New York-based curator K.O. Nnamdie is interested in the state of United States culture as it stands today, pulling together a tight collection of images that could eventually be referenced as a snapshot of where we are — or, were, rather. Displayed at Anonymous Gallery in Manhattan, its title “Photography Then” looks backwards despite the exhibition being organized in present tense with recent work.
This time warp is fitting for a period when references are all flattened to one endless timeline of imagery on our phones, making it difficult to distinguish when something was made, its social context and whether or not it’s intended to be satirical, serious or neither. For Nnamdie, “Photography Then” begs the question: What even is an era anymore?
Take, for example, Alyssa Kazew’s photo of five shirtless men, smiling with six packs on a perfectly green suburban lawn. Without understanding its relationship to an “art show” or the photographer’s background, it might seem superficial and commercial, like a stock photo stuck in the early aughts when Abercrombie & Fitch perfection defined aspirational imagery. Inside “Photography Then,” though, it reads as self-aware, nostalgic and tongue-in-cheek.
But is this differentiation really all that important?
Jesse Gouveia’s photo, “Saying Goodbye,” depicts a teary goodbye hug inside an airport, raising questions about whether it’s performed or a snapshot of reality. Either way, the work is familiar, like an image we’ve seen many times throughout our lives and can therefore immediately understand. This relationship could make a viewer emotionally connect to it more, or perhaps feel nothing as a result of its common qualities.
Chessa Subbiondo shot TikTok star Addison Rae in denim cut-offs with her hair blowing, as a pre-teen boy stands in awe spilling his ice cream. An acknowledgment of the American Sweetheart archetype, this image also looks familiar: There’s David LaChapelle’s 2000 shot of fellow famous person Britney Spears and, even further back, the iconic The Birth of Venus. Only for Subbiondo, Botticelli's beautifully painted highlights are traded for late-night flash photography.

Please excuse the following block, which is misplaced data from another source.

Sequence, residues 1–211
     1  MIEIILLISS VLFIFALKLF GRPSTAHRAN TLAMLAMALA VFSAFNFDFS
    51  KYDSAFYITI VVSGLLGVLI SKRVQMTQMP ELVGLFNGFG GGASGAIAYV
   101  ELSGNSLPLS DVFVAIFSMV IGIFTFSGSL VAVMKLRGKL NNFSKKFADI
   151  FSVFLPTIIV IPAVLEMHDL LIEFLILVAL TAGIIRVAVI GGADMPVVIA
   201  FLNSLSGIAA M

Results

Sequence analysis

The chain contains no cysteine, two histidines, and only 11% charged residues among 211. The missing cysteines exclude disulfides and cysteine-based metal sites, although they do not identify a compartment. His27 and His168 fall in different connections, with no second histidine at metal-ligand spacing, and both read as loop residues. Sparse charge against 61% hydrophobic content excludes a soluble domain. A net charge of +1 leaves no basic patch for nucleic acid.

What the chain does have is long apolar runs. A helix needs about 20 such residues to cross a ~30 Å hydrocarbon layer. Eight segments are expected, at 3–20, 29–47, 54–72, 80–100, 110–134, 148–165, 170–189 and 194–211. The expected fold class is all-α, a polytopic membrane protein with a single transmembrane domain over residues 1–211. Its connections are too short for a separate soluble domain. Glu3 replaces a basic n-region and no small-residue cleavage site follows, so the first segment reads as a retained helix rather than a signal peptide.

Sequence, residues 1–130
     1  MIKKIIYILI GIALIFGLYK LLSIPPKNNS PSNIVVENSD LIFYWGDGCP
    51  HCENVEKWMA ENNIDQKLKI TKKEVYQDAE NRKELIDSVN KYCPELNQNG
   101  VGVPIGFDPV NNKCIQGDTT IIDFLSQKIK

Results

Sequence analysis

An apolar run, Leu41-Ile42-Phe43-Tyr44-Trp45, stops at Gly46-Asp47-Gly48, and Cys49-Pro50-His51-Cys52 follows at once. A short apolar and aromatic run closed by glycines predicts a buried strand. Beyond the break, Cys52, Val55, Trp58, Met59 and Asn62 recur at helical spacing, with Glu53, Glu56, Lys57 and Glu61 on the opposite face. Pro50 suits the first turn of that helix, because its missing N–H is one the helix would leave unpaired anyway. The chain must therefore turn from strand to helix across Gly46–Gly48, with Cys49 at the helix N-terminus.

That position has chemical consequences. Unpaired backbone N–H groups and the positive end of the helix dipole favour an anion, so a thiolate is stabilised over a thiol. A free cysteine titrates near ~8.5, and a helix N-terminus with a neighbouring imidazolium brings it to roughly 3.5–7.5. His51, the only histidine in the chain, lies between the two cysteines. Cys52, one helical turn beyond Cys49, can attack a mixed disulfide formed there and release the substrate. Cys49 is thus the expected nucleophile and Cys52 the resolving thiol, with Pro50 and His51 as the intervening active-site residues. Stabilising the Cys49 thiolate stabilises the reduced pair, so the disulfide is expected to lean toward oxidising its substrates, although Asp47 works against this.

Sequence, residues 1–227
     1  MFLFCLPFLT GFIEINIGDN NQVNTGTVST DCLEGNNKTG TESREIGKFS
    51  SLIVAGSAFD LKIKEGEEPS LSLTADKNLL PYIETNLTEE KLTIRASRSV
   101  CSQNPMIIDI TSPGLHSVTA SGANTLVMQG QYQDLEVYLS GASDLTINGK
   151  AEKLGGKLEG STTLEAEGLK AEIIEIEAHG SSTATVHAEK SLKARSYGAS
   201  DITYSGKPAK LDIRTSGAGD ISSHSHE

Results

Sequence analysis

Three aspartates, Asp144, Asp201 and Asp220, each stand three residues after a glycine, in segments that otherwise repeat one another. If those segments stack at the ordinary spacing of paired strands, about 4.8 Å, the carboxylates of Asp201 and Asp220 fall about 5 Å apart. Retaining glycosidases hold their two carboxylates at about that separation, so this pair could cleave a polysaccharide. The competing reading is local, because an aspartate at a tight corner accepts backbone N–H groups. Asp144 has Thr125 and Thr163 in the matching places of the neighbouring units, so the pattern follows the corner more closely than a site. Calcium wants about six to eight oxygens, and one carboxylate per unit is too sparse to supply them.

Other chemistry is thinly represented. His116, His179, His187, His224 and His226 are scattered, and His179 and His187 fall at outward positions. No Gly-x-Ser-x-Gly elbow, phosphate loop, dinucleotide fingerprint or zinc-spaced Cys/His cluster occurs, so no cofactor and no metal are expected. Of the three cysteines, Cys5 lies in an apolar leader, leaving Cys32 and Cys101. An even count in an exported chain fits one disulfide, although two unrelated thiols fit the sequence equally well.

Through it all, familiarity can be interpreted as a fantasy, or fantasy as familiarity, making Nnamdie’s “Photography Then” a fascinating examination of the American Dream, and all its smoke and mirrors. Because United States culture in 2023 is as simple or complex as we allow ourselves to believe. Below, Anonymous Gallery's curator breaks it all down for PAPER.
Where so many exhibitions aim to bring viewers into a world of fantasy, this one focuses on familiarity. Why was that an interesting source of inspiration for you to explore, right now?
This familiar world is actually based on fantasy. The American Dream is the fantasy many collectively learned to align with first. It was necessary to bring focus to this familiar concept embedded in our society.
Collectively, what does this exhibition say about our lifestyle today in the United States?
That we are happy to play with or become an archetype, even temporarily.
Selfishness drives a lot of the image-making in our world today. Do you think there’s comfort in seeing things we already understand?
I don't agree that selfishness drives a lot of image-making in our society today. From the amateur to the professional image-maker, the initial drive is to share — to pass on a message or memory in a bottle, to communicate. Afterward, perhaps the ego may come into the conversation. We can think about the selfie, this act is performed to broadcast ideas about the self.
What is the greater through line that you see with these photographers and their work?
That these artists are brilliantly showcasing ways they work with the medium and history of photography, sometimes even pinning it against itself.
Addison Rae is the only celebrity face in the exhibition. Was this intentional and do you find that its integration makes a statement about fame, if at all?
Addison is embodying an archetype. She is aligning quite literally with America's Sweetheart herself, Britney Spears. Here is where she once stood in that same pose for David LaChapelle in 2000.
I wouldn't think of this image as an interrogation, but more as an invitation to witness the birth of something becoming fully formed or a glow-up. It does make a statement about the history of fame, but this statement feels more accessible.
I also love that Chessa Subbiondo's Addison Rae, 2022 is interestingly similar to Sandro Botticelli's The Birth of Venus, 1485–1486. Both are positioned simply in a state of transformation.
What prediction about all our futures does this body of work make?
The show holds space for questions about our future, but doesn't take an active stance on a prediction. Nor do I believe it could, as it is a mirror.
This show is an example of late capitalist new media. The idea that there is never really a period of stasis is present here. Production is ever accelerating and expanding, therefore so is our appetite for consumption. The pace of algorithms and media productions reflect this also.
So there's always going to be a flow of new images, spectacles and dramas. That American apparel complex went away, so it could come back. It really begs the question, What even is an era anymore? How long does one last and what counts as one?
Photos courtesy of the artists and Anonymous Gallery
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